The above evidence, both factual and subjective, has lead me to this question… “Where do we go from here?” As a whole we need to journey back to our heart. All this stress and pressure has caused deep disconnection. Due to the above evidence, it would seem that the human body simply can’t keep up with the pace at which we are living. Quickly fixing symptoms as they arise is like putting a band aid on a gushing wound. My concern is that the brick wall is not that far ahead. While the quick fix of prescriptions may be offered, we have control over the decision to take them or not. Pausing before moving forward could help you discover what is causing the symptom you are trying to treat. Interestingly, newer research on gut microbiome is showing the connection between the gut and brain. Serotonin, the “feel good” neurotransmitter that is low in people with depression, is primarily housed in the gut. This biological fact offers validation that treatment without consideration of diet and lifestyle change is not a comprehensive approach. While this research is not currently integrated into mainstream healthcare, it does have the potential to drastically change how illness is conceptualized and treated.
My journey towards wellness began with traditional talk therapy, followed by a variety of integrative health practices including yoga, acupuncture, chiropractic care and nutrition. Change came slowly but over time a commitment towards quality of life was born. Changes in my relationships became noticeable. I decided to let go of the relationship with my partner that wasn’t working. After that I left the training that was not a good fit. As I became healthier, I began to stand up for myself with my boss instead of being emotionally reactive. Slowly life became more manageable. Over time I took various trainings in wellness. Eventually I left my job to start my business, Your Whole Healing where I use my experience and skills to help others better manage stress and anxiety.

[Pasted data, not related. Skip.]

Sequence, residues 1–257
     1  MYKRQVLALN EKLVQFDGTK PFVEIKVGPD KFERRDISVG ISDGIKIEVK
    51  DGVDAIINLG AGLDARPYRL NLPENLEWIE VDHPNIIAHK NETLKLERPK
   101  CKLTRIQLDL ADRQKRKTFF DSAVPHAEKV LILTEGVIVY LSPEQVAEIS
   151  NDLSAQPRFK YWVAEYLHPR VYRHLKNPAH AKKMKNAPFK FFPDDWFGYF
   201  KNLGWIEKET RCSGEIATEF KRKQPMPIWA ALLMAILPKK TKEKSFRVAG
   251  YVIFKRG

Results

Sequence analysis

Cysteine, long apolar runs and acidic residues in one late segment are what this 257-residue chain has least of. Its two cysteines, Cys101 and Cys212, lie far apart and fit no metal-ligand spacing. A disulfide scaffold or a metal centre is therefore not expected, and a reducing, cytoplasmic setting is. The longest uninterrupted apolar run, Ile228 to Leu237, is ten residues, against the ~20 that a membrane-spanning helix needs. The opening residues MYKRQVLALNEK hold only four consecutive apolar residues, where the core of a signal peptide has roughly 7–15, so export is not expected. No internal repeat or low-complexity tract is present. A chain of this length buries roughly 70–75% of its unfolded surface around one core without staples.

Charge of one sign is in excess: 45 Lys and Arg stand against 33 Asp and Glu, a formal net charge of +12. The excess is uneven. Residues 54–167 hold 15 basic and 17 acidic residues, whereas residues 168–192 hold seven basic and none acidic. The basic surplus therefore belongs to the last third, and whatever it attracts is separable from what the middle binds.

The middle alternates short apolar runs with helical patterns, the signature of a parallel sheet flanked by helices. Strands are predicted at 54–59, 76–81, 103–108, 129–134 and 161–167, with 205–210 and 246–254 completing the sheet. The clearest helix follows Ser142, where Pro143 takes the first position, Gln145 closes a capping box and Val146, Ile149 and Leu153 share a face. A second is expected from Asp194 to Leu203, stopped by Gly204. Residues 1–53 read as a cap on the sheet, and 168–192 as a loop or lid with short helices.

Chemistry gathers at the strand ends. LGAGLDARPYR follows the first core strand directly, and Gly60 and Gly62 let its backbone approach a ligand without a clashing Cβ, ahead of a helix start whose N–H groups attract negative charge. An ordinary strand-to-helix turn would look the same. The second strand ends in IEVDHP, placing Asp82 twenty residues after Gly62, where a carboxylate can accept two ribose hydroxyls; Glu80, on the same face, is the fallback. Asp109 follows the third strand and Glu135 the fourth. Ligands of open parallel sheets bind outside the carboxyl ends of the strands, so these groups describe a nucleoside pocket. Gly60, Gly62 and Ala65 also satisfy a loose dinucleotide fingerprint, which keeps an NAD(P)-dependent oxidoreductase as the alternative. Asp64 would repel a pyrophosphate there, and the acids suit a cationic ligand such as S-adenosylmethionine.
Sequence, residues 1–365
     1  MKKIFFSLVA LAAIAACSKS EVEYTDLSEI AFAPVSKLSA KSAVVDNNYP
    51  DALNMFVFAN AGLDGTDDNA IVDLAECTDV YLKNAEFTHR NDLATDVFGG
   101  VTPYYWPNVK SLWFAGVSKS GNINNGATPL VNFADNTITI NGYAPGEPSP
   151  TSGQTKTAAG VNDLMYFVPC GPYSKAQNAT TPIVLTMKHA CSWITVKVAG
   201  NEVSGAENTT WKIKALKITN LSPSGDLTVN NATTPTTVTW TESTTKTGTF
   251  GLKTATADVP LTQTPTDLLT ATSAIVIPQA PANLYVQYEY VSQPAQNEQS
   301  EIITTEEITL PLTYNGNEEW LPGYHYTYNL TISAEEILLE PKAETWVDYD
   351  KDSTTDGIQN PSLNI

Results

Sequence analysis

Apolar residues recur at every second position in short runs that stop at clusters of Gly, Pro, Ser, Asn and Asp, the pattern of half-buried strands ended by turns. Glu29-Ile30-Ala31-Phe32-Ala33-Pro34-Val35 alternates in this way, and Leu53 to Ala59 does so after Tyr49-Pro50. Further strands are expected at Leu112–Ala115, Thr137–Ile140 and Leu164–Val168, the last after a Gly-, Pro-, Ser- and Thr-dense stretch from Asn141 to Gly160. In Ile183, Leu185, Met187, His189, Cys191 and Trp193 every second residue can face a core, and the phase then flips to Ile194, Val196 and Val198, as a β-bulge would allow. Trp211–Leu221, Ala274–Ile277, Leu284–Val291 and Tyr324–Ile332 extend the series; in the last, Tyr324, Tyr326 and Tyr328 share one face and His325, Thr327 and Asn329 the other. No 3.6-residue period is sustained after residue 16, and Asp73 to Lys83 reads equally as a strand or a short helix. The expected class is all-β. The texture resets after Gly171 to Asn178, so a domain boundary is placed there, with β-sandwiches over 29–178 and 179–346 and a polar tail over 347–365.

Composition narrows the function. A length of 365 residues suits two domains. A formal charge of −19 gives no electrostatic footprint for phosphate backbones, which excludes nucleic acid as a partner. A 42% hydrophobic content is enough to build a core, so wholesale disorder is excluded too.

Change occurred for me when I began to invest in my health. While all of the above has impacted my life as well as yours, things only changed once I decided that I was done letting it all weigh me down. The more I vented and blamed others, the sicker I got. Taking responsibility actually gave me more control over the outcome. Once I realized that happiness began with making peace within, everything on the outside began to fall into place. There does appear to be a connection between our healthcare system and the pharmaceutical industry, workplace pressures continue to mount but we have the choice to do something about it today before we crash into the proverbial brick wall. Where do we go from here? Back to the heart where the meaning of life truly resides.
Stephanie Troy, LICSW, RYT is a Mind/Body Therapist & Coach, yoga instructor, writer and lover of enhancing authentic happiness. She is the owner of Your Whole Healing which focuses on providing mind/body services to assist people in better managing stress through building resilience. Her blog is a composition of musings on health, wellness, and healing. Stephanie is passionate about living, learning and loving